POSSIBLE MODELS OF UCH MANAGEMENT
There are several methods the community can adopt to revive the hospital. I will only identify and briefly discuss three. I have written some articles on this issue in the past.
1. The first method is for the hospital to remain the “property” of Akah people and run by Akah people. Being that we have accepted that the hospital is a failing institution, there is no way using the existing structures and methods can revive the hospital. There has to be extensive surgical reorganization of the board and management of the hospital.
2. The second option is to totally transfer it to the Imo state government. I believe this is a viable option in view of our present situation. I suggest in pursing this option, we have to negotiate for appropriate “local content” if possible. That is, ensuring that our people who are qualified remain employed in the hospital.
The possible benefits of a government take-over are the possibility of posting junior doctors and other professionals to the hospital as part of their training. The immense benefits of such possibility are unquantifiable. These professionals will be trained by visiting or resident senior professionals who will also be working in the hospital.
The disadvantage is that the community may lose any reasonable input in the running of the hospital. It may also require painstaking negotiation to convince the government to take over the hospital.
3. The third option is to invite an independent health management organization that will reorganize and manage the hospital professionally and pay the Akah people an agreed annual fee.
This is another viable option. Regrettably, our people play local politics with things as critical as health care and education to the detriment of the people. I am convinced that Umuaka has many talented and honest young men and women that can turn that hospital around if given the opportunity. I am equally convinced that there are organised groups in Umuaka that can take that hospital to an enviable height if given the opportunity.
Our brother Mr. Jonathan Iherobiem (Loko) once suggested that he be given the hospital to run at a fee of N2,000,000.00 per year for 30 years. This goes to show the present worth of the hospital.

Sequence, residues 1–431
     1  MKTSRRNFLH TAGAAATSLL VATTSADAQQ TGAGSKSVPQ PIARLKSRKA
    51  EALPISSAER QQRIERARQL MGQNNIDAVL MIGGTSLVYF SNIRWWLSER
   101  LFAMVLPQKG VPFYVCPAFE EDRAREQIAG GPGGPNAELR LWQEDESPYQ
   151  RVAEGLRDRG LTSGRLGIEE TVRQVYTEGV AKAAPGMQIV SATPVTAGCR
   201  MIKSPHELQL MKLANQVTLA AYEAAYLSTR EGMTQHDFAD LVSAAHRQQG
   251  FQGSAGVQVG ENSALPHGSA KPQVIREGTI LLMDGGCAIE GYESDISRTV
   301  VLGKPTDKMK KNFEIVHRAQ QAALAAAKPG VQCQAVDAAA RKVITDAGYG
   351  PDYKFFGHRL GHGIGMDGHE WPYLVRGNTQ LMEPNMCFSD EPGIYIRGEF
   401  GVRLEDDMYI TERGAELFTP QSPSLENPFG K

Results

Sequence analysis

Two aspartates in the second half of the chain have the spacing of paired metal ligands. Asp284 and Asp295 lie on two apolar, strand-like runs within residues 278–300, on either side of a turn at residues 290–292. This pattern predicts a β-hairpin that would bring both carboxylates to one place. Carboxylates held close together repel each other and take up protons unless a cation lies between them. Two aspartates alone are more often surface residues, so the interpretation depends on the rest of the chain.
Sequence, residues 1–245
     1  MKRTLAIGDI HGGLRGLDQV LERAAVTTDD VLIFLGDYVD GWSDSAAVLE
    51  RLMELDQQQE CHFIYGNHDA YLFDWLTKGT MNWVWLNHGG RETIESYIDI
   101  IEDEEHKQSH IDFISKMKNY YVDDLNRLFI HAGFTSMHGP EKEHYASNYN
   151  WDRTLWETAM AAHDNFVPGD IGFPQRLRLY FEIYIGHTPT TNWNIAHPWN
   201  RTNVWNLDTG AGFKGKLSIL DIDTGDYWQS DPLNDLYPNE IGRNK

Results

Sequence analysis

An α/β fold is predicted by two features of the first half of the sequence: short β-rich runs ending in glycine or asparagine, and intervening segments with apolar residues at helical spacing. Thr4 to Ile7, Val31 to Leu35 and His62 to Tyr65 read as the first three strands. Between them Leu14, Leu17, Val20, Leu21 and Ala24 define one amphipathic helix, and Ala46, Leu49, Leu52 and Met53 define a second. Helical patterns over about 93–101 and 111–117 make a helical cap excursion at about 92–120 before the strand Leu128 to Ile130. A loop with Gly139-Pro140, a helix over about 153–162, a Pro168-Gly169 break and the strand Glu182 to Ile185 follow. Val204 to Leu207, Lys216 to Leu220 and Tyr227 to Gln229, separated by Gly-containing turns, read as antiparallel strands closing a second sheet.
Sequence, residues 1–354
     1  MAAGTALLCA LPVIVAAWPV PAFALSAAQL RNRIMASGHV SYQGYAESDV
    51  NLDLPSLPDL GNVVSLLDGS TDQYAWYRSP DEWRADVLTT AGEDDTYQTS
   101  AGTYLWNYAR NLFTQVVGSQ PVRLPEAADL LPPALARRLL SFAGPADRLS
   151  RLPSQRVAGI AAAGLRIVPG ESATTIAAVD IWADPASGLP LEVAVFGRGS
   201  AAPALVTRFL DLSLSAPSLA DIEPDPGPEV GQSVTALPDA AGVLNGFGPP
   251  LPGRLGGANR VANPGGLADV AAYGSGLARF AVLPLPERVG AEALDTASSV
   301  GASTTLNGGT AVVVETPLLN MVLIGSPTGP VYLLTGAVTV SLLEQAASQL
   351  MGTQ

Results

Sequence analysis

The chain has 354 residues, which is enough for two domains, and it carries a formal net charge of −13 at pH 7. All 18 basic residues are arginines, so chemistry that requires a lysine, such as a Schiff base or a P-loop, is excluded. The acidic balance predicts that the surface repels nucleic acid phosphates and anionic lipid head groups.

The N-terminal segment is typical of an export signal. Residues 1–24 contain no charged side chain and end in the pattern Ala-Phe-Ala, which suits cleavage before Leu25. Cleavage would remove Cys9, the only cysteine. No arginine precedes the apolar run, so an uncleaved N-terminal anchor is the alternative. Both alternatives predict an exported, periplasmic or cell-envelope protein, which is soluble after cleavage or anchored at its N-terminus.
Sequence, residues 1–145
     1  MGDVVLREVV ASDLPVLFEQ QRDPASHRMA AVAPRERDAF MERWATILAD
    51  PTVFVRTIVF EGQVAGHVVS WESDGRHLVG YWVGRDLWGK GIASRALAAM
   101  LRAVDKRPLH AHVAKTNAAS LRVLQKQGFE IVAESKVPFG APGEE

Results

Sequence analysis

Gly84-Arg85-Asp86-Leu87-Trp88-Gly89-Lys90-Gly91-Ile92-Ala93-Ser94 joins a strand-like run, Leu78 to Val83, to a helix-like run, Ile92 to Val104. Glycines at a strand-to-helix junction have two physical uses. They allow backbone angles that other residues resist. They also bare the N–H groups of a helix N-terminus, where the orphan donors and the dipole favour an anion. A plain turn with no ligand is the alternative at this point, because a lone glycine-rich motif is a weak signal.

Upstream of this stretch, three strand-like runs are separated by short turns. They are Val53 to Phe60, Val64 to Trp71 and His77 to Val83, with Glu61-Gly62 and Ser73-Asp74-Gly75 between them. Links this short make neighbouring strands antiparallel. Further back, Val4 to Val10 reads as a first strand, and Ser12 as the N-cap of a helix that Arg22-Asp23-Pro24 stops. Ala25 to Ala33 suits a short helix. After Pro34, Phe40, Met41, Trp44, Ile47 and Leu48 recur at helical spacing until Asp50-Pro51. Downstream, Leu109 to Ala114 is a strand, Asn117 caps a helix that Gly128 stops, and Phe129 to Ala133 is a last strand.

These recommendations are based on the assumption that the community would like to revive and manage the hospital, as opposed to handing it over to the Imo state government or independent managers.
1. The Akah community has to organize itself first. It is by so doing that further actions will be credible and acceptable.
2. We should take an urgent step to establish a credible board of directors that will supervise the affairs of the hospital. Such a body must have the mandate of, and command the respect of the whole Akah people.
This supervisory board must have professionals and lay people. It has to be men and women of integrity selected from the original ten villages. Not those that will come and chop, rather those that will come and work.
The board should draw up a strategic plan for the hospital and set reasonable targets for the hospital management.
3. A robust mechanism has to be put in place by the board within a reasonable time to appoint a Chief Medical Director who will be the clinical and administrative head for the day to day running of the hospital. The person so appointed must be given a free had to run the hospital and be well remunerated. A bonus or target specific scheme could form part of the remuneration.
4. The community has to appoint competent and qualified consultants to the hospital. With appropriate arrangement, the consultants may not be remunerated per se. I do not mean clinical consultants, rather our sons and daughters who may be willing to advise the board on relevant technical aspects based on their experience.
5. A mechanism for informing the people on the state of affairs of the hospital (and other communal assets) has to be developed. This will include the production and publication of audited yearly accounts.
6. All necessary steps have to be taken to mobilize all the necessary human and material resources to revive the hospital. This will include liaising with the relevant government agencies or contacts to attract patronage to the hospital.
7. There has to be a backwards integration policy whereby a dedicated percentage of any net profit will be reinvested in the development of the hospital. The alternative is to run it on not-for-profit basis whereby any net profit is totally reinvested in the hospital development.